I remember being at a Friends meeting in 1997 with Floyd when he proposed we sell the hard cover edition for sixty dollars. I and the other two Friends there were dubious (aghast?) that the Families book could sell at that price. In the end it did. The initial burst of sales soon raised  $100,000 which proved to be a gold mine of start-up money when plans for our new library took off in 2006. Two pallets of books remained in June Marie's storeroom for  about ten years before Marylou Mileck volunteered a home for them in the more spacious M&M Feed Store, freeing up much-needed space in June Marie's.  Sales continue to trickle in from all over the USA. You can buy the book at our library, June Marie's Western and Gift Store, or for $30 (hardback) or $15 (paperback). All profits go to the maintenance of the Round Valley Public Library.  Pictured: Floyd (left) and Elmer carry the first box of Families books into June Marie's store in 1997. 

What You Will Find
Preparing for this newsletter I finished reading all 338 pages of the Families  book.  The effects of fast food had not yet created the corpulent America we know today. So many fit looking people of all ages and colors. You want to know about Round Valley street names?  You can find pictures for the sources of:  Barnes Road, Biggar Lane, Branscomb, Frasier Lane, Henderson Lane, Hopper Lane, Hurt Road, Short Creek Road, Perry Street, Lovell Street, Tabor Lane, Ledger Lane, Hopper Road, Logan Lane, Perry Street, and Dingman Street (no picture, Oliver, died 1898, buried in Valley View Cemetery). I found no indexed names for Crawford, Howard, and others not mentioned.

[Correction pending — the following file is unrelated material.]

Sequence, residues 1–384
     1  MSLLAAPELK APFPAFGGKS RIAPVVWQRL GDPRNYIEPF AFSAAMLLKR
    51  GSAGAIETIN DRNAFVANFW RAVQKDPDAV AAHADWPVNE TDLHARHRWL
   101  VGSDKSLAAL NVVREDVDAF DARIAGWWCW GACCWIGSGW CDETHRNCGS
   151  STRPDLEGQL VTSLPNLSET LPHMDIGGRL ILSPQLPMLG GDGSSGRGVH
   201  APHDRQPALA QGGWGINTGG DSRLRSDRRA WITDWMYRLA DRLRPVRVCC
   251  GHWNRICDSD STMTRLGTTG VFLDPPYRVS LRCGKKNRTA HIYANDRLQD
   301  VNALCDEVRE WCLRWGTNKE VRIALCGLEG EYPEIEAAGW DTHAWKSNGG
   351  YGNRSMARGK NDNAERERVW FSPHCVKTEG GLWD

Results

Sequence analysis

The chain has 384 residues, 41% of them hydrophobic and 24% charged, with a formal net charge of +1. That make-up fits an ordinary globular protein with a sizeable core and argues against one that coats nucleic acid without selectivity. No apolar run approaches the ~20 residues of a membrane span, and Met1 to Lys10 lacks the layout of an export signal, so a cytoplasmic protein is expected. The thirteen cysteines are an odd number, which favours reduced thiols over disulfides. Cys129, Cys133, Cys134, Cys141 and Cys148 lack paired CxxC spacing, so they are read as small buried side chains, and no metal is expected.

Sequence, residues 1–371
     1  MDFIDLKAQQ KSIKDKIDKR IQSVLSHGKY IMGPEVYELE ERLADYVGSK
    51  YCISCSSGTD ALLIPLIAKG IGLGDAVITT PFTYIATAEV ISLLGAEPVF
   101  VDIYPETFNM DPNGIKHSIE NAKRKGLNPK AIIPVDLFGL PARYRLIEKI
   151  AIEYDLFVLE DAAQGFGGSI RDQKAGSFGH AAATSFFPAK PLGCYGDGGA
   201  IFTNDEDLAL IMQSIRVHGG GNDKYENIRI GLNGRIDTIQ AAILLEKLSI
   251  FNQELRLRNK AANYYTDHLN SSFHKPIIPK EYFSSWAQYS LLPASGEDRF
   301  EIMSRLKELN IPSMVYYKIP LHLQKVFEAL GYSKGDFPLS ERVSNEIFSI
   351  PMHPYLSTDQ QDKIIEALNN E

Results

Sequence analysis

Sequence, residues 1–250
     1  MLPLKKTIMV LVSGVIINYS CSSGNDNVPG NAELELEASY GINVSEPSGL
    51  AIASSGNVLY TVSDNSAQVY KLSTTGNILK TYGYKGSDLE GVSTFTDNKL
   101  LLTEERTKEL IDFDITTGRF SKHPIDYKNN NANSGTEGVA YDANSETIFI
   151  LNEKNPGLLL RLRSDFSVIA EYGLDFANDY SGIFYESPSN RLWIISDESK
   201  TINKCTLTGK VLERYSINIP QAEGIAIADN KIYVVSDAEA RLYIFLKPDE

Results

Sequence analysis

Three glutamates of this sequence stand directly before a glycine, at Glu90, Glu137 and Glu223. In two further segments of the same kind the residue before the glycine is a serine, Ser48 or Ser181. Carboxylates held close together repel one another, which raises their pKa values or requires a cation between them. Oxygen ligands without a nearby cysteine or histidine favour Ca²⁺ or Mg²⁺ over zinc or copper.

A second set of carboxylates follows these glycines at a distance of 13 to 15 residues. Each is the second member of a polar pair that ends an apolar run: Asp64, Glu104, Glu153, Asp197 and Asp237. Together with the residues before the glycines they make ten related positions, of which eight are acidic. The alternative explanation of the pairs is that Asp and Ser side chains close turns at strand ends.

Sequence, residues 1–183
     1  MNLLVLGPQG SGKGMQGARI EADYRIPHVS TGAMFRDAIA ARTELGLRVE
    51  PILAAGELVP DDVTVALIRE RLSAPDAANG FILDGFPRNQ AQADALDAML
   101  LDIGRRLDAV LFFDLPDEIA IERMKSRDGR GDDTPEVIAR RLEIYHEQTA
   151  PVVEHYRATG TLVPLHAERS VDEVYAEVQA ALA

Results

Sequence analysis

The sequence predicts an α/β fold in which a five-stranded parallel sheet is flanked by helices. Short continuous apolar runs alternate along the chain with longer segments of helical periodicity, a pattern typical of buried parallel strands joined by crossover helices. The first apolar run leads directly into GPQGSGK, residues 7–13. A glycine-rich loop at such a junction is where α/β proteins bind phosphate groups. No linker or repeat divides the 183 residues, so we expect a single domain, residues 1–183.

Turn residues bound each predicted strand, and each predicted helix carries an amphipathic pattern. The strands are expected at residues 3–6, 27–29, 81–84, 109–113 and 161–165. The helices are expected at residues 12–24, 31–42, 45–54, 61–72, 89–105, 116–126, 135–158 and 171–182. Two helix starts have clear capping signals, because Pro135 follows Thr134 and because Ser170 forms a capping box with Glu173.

Judson Liftchild recalls something that just might fit many of us in Round Valley today:  "When I lived here Round Valley had more odd characters and peculiar personalities than any other place that I know of. The happy go lucky manner of living tended to develop idiosyncrasies which would have been suppressed  in a more populated community." [Judson Liftchild, 1920, p.25]

Here's a final word from Liftchild on the everlasting reputation of lawyers:  "Among the attorneys who flourished during my residence in Covelo, the most celebrated was Car Chambers, who enjoyed the reputation of being so crooked that he couldn't fall down a well." [Liftchild, p. 29].
The Round Valley Public Library is open Tuesday through Saturday from 10am-5pm.
For information on how to reserve the community room & kitchen at the Library Commons - visit the Friends' website.
The Friends meet the first Thursday of e
ach month in the community room at 5pm.  All are welcome to attend.

This institution is an equal opportunity provider and employer.